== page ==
Self is Other
Third culture. To me, the phrase conjures up images of mould growing in Petrie dishes. The third generation of such a mould, perhaps, carefully reared in a sterile laboratory environment. Someone once told me that the phrase third culture referred to children such as myself. Children of twentieth century migrants, children who belonged neither to the culture of their parents, nor the culture of their host land. People like myself who created a new, hybrid third culture, a marriage of the heritage of our parents with the culture of our adopted homeland. But what happens when you have not one adopted homeland but two or three?
I was raised on four continents. I came of age four different times in four different lands. My life began on the Dark Continent, and the sun and the sand of Africa sear through my veins. I was a child and then a teenager in both the warmest and coldest of lands, both literally and emotionally speaking. And now I live in one of the Promised lands, across the oceans, the farthest away from my birthplace.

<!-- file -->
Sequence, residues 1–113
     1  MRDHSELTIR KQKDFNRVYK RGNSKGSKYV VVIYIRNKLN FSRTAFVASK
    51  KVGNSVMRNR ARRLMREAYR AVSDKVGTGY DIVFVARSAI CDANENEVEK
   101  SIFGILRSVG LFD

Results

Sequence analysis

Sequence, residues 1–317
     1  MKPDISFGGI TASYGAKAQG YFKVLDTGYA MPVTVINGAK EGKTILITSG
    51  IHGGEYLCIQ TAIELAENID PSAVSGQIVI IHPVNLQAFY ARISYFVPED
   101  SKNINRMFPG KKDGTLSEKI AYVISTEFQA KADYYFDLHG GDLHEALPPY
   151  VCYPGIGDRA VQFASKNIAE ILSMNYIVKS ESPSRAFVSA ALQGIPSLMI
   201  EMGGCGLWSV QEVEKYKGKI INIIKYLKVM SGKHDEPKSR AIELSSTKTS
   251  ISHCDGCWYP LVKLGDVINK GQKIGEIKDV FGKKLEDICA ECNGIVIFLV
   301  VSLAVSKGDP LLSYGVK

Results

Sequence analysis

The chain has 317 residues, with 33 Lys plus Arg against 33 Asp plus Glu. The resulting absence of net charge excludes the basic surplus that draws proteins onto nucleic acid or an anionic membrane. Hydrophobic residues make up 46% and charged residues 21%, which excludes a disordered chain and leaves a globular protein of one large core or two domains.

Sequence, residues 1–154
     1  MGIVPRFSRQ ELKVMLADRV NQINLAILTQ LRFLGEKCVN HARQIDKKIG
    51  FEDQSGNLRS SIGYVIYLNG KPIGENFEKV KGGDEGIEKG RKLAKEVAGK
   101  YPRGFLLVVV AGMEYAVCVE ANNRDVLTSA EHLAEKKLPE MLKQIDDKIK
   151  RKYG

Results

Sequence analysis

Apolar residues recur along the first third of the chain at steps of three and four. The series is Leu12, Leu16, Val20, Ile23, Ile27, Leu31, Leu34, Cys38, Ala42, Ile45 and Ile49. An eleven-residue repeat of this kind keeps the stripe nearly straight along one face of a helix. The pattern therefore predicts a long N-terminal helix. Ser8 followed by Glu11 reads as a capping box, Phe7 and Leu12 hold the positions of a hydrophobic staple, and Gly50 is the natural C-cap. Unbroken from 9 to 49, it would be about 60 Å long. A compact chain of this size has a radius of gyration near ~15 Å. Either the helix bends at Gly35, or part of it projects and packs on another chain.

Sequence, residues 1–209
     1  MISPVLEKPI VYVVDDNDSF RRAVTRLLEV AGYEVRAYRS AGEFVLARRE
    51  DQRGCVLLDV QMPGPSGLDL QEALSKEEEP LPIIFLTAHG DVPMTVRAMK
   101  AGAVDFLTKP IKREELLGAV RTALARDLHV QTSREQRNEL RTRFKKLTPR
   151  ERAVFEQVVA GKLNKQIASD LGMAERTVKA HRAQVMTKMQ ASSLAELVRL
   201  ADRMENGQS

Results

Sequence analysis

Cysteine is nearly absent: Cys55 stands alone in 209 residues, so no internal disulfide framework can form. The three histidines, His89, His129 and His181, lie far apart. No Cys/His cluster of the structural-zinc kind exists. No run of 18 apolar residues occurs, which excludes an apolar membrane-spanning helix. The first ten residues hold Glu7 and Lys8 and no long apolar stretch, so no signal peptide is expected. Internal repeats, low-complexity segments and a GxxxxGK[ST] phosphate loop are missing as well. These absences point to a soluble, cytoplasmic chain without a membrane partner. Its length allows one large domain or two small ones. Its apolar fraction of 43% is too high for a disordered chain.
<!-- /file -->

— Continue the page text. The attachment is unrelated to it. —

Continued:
I find my composite culture to be both a blessing and a curse. My appearance is ethnic-identity-unknown, my facial characteristics and body type only identify me when gazed upon with a knowing eye. I have the luxury of presenting myself as belonging to a number of cultures, some of which I have legitimate claim to, some I don’t.
My portrayals of persona depend on my mood of the day - from demure Arab to flamboyant ghetto princess. From the code of the desert to the law of the streets. African Queen. Buppy (yuppy? guppy?). Nubian princess. Daughter of the desert. StrongBlackWoman. Most days, I scoff at these labels. Other days, I feel trapped in their limitations.
The antonym of self is Other.
Nehal El-Hadi is a writer and cultural producer. Born in Sudan, she has lived and studied in the United Kingdom, Sudan, and Oman. Nehal is currently based in Toronto, and her work explores the intersections of culture, identity, urban spaces, and environment.
This piece was originally published at iamnehal.com.